Clampdown on overseas travel until September would put more than half a million jobs at risk, bosses of Britain’s biggest airlines and airports warn
A clampdown on overseas travel until September would have a catastrophic impact on the economy and trade, and put more than half a million jobs at risk, the bosses of Britain’s biggest airlines and airports have warned.
A report backed by the chief executives of Virgin Atlantic, British Airways, Heathrow, Gatwick and Manchester Airports Group warns that a ‘lost summer’ of restricted travel would hit GDP by £26.2billion. It would also dent imports and exports carried by air by £55.7billion. In addition, a delayed restart to air travel would put 574,000 UK jobs at risk, including 73,000 in tourism.
Concern: A report warns that a ‘lost summer’ of restricted travel would hit GDP by £26.2billion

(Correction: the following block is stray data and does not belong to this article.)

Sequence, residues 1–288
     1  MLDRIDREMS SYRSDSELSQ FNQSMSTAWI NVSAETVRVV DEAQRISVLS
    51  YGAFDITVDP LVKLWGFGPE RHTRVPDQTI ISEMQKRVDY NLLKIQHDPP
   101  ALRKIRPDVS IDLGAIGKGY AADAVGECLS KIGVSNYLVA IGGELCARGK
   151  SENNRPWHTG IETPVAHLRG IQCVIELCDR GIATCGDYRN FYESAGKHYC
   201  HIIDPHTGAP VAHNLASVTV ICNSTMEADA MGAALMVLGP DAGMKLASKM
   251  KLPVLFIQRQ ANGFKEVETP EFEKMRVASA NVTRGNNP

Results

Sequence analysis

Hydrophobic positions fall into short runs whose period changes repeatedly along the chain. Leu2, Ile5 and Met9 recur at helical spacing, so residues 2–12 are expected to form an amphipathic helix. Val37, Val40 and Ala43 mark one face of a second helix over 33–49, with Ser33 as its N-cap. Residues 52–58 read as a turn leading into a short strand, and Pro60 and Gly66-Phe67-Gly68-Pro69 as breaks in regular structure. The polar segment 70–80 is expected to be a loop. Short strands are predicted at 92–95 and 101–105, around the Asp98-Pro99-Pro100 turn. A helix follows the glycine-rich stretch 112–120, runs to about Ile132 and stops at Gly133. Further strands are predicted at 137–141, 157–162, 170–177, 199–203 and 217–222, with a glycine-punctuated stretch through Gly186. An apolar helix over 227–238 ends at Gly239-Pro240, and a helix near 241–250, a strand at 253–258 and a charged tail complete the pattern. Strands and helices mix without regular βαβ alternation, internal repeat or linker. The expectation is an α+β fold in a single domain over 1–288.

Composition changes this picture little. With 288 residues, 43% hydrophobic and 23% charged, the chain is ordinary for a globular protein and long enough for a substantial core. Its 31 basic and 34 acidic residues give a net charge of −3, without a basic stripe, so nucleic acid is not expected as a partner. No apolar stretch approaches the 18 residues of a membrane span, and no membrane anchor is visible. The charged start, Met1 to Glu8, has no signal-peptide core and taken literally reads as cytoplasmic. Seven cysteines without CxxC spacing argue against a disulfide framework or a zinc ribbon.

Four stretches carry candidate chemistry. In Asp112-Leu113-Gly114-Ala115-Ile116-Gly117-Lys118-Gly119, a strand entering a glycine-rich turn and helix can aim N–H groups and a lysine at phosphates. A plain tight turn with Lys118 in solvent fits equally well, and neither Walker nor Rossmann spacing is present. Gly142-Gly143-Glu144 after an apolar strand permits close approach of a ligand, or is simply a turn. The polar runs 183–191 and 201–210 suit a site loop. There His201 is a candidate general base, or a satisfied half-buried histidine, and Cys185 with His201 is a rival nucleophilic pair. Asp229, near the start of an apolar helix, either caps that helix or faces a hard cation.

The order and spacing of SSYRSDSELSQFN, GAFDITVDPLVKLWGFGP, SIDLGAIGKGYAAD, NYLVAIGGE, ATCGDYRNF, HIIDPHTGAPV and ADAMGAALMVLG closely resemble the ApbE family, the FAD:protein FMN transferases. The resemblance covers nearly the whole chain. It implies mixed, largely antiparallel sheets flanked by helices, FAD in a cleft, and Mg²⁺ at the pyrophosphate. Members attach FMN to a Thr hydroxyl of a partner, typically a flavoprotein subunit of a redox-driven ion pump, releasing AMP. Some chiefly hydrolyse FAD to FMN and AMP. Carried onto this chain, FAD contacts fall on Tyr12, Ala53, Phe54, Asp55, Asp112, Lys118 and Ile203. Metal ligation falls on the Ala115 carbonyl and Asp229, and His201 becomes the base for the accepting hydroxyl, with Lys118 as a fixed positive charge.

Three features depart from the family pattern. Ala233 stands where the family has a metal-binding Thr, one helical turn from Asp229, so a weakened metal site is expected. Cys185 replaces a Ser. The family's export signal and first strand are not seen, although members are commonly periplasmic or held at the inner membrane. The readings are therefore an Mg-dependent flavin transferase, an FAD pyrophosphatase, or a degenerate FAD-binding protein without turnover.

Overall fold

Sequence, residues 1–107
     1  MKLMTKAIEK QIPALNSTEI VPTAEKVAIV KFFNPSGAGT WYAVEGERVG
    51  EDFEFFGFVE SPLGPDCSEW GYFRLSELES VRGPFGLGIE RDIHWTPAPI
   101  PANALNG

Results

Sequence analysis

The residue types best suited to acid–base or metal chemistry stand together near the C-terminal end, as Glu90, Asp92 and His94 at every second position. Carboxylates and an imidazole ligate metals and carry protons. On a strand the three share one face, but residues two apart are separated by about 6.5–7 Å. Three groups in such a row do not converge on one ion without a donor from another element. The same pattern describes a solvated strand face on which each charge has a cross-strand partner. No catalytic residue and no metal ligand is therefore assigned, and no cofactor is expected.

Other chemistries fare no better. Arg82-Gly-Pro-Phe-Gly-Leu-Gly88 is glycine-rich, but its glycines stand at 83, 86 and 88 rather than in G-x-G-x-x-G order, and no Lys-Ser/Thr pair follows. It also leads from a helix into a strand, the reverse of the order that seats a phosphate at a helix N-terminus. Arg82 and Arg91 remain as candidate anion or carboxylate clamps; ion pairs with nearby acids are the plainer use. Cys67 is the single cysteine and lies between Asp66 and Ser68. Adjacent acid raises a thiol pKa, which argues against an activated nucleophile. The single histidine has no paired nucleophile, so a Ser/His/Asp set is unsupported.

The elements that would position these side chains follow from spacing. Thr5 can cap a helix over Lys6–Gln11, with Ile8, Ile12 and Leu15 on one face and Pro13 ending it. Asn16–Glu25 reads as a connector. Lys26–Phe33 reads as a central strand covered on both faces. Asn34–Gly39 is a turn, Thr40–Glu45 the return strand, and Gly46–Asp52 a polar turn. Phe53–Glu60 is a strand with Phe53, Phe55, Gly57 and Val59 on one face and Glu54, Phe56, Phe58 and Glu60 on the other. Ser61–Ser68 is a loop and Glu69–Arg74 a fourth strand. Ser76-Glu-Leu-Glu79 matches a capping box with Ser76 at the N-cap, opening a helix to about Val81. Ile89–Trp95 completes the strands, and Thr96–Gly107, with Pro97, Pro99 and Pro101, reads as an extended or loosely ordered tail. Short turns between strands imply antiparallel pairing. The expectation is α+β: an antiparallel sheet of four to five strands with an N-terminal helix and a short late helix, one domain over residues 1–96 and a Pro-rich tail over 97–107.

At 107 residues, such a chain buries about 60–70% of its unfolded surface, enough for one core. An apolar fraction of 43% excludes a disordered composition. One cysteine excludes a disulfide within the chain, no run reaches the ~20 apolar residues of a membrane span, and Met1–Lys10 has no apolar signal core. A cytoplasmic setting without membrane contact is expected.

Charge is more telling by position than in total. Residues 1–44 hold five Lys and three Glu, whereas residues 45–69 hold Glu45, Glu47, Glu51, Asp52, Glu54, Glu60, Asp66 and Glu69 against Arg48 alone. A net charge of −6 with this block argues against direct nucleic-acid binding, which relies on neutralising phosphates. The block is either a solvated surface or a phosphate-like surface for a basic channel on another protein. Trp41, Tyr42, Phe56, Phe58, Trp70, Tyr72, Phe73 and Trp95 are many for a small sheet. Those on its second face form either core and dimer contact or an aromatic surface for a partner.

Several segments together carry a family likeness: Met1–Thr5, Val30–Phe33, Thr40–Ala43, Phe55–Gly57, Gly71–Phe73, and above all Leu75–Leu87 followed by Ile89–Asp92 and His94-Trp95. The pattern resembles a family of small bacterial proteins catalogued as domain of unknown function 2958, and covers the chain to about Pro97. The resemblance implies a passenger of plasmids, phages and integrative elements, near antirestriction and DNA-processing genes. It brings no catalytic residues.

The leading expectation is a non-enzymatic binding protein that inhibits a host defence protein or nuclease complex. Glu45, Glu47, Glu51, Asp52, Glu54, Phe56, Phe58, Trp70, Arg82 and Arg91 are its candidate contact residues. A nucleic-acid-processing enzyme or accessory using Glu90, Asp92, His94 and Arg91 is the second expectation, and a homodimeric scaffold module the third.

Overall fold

Airlines and airports say travel can begin safely from May 17 – the earliest date under the Government’s lockdown roadmap – due to advances in mass testing and the success of the vaccination roll-out.
They are advising Ministers to open countries in phases according to their health risk, using a traffic light system that grades destinations from green to red.
Under proposals sent by UK airlines to the Government’s Global Travel Taskforce, travellers could fly to ‘green’ countries without restrictions once travel is allowed. Those going to ‘amber’ countries would need to test negative in a lateral flow test.
The Unite trade union estimates that more than 5,000 UK jobs in aviation and related sectors have been lost every month since February of last year.
The Prime Minister is expected to announce the framework for restarting travel as soon as April 5. Tory MP Steve Baker, deputy chairman of the Covid Recovery Group, said: ‘The Prime Minister must follow the data and deliver on plans for a May reopening of air travel to protect the livelihoods of people across the country.’
Shai Weiss, chief executive of Virgin Atlantic, said: ‘The free movement of people and goods by air is vital for competition, connectivity and supporting the economic recovery.’